(NOTE: This review will be as spoiler-free as possible. However, your mileage may vary; read at your own risk.)

Zoey’s Extraordinary Playlist – Season Two
In its second season, “Zoey’s Extraordinary Playlist” continues to explore the feelings we keep buried on the inside, the human impulse for connection and the undeniable healing power of music and dance. Following a tragedy, Zoey (Jane Levy) and the Clarke family begin to recalibrate and navigate their new normal. As she finds herself in a new dynamic at work and in her love life, Zoey’s musical powers will continue to both awkwardly complicate and inform her worldview as she attempts to rediscover joy and connect with those around her.

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REVIEW: “American Gods” Season 3 (Spoiler Free)

American Gods is one of my favorite TV shows. Its quality isn’t always consistent and there seems to be a lot of turnover in front of, and behind, the camera, but there’s nothing else like it on TV and I find myself returning to it time and time again. Its source material being so fantastic helps a lot, of course, but I still find much to enjoy in Starz’s TV adaptation. So, naturally, I was beyond excited to see what they’d do with season three. With another round of cast and crew shakeups, season three had a lot working against it. But it was said to be adapting one of the best parts of the book (the Lakeside arc) and featured a slew of new and exciting cast members, so there was still much to be hopeful about. And, having seen the first four episodes, I’d say that hope is fulfilled. The third season of American Gods feels simultaneously familiar and new—it’s identifiably the same show we’ve fallen in love with but it’s bursting with new energy and momentum. It’s not perfect, but it’s a promising start. (4.5 out of 5 wands)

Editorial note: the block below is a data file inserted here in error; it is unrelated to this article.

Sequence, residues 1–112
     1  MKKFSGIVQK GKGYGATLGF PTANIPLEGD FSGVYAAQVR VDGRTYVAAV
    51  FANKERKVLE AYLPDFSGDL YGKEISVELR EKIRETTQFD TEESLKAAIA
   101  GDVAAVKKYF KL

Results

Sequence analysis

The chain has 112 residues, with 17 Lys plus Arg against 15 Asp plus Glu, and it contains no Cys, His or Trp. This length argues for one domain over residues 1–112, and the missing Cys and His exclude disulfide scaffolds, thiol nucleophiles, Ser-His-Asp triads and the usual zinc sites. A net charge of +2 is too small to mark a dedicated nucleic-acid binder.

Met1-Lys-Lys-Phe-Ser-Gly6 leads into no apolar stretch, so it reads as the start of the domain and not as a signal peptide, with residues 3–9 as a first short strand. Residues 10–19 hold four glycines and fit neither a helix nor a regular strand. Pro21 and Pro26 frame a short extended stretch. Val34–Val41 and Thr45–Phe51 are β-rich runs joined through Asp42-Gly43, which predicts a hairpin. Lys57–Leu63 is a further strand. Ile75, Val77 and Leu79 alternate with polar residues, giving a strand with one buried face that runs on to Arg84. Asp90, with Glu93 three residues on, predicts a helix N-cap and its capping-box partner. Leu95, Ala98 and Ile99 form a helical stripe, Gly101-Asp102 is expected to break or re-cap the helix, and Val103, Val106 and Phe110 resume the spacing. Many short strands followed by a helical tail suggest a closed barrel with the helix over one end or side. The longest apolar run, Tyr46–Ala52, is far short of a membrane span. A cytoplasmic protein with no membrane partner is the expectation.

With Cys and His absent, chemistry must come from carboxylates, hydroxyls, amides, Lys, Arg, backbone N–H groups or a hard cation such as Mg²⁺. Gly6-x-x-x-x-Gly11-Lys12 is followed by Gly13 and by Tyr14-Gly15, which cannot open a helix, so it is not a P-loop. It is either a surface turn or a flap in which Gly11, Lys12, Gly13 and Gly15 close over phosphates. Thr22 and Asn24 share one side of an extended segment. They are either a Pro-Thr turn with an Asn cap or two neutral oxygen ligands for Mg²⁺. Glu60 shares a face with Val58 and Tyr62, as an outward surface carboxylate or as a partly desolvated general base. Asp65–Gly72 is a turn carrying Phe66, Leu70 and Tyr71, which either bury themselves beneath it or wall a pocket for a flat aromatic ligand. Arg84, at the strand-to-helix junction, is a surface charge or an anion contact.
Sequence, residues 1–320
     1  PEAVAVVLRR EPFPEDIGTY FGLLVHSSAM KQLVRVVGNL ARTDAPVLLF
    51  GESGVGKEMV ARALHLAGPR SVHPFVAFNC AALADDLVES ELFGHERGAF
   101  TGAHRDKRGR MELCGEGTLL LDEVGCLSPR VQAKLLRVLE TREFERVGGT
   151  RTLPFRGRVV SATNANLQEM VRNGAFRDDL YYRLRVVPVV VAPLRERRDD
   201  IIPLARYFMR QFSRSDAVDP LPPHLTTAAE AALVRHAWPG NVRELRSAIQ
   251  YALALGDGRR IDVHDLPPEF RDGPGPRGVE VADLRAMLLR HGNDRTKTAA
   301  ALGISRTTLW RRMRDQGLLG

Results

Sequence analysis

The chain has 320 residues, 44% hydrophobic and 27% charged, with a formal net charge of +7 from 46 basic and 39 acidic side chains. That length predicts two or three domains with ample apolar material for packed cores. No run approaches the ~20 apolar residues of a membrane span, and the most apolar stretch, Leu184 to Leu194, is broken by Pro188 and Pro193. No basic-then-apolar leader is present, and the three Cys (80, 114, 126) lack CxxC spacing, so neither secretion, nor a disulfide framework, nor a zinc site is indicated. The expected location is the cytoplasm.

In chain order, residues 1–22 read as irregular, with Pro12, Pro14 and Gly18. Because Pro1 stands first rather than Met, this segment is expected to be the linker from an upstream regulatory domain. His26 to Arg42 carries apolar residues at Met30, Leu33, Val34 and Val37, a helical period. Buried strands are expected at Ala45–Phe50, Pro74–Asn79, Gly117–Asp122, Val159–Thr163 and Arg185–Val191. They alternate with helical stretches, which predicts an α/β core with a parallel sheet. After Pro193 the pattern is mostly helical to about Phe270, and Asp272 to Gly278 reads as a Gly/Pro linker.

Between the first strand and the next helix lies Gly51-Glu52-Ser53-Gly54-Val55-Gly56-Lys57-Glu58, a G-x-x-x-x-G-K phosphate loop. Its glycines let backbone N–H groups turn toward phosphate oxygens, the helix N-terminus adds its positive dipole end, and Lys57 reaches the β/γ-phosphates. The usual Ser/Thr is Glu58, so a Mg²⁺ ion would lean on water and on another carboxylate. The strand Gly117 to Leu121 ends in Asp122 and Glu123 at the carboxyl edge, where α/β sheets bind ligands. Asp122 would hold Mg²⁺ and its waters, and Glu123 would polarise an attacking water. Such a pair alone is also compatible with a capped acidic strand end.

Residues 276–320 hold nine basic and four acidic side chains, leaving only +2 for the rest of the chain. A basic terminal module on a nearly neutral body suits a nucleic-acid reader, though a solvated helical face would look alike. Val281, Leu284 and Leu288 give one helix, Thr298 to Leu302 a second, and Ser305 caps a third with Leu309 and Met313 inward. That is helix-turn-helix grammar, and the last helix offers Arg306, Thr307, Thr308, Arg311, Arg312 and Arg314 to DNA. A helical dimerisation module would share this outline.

(NOTE: This review strives to be as spoiler free as possible. There may be mentions to information officially revealed in trailers and promotional material, but no major plot points will be discussed.)

American Gods – Season Three
Following his discovery last season that Mr. Wednesday is his father, Shadow attempts to break away and assert himself as his own man. As he settles into life in Lakeside, he uncovers a dark secret while exploring questions of his own divinity. Guided on this spiritual journey by the gods of his black ancestors, the Orishas, Shadow must decide exactly who he is—a god seeking veneration or a man in service of the “we.”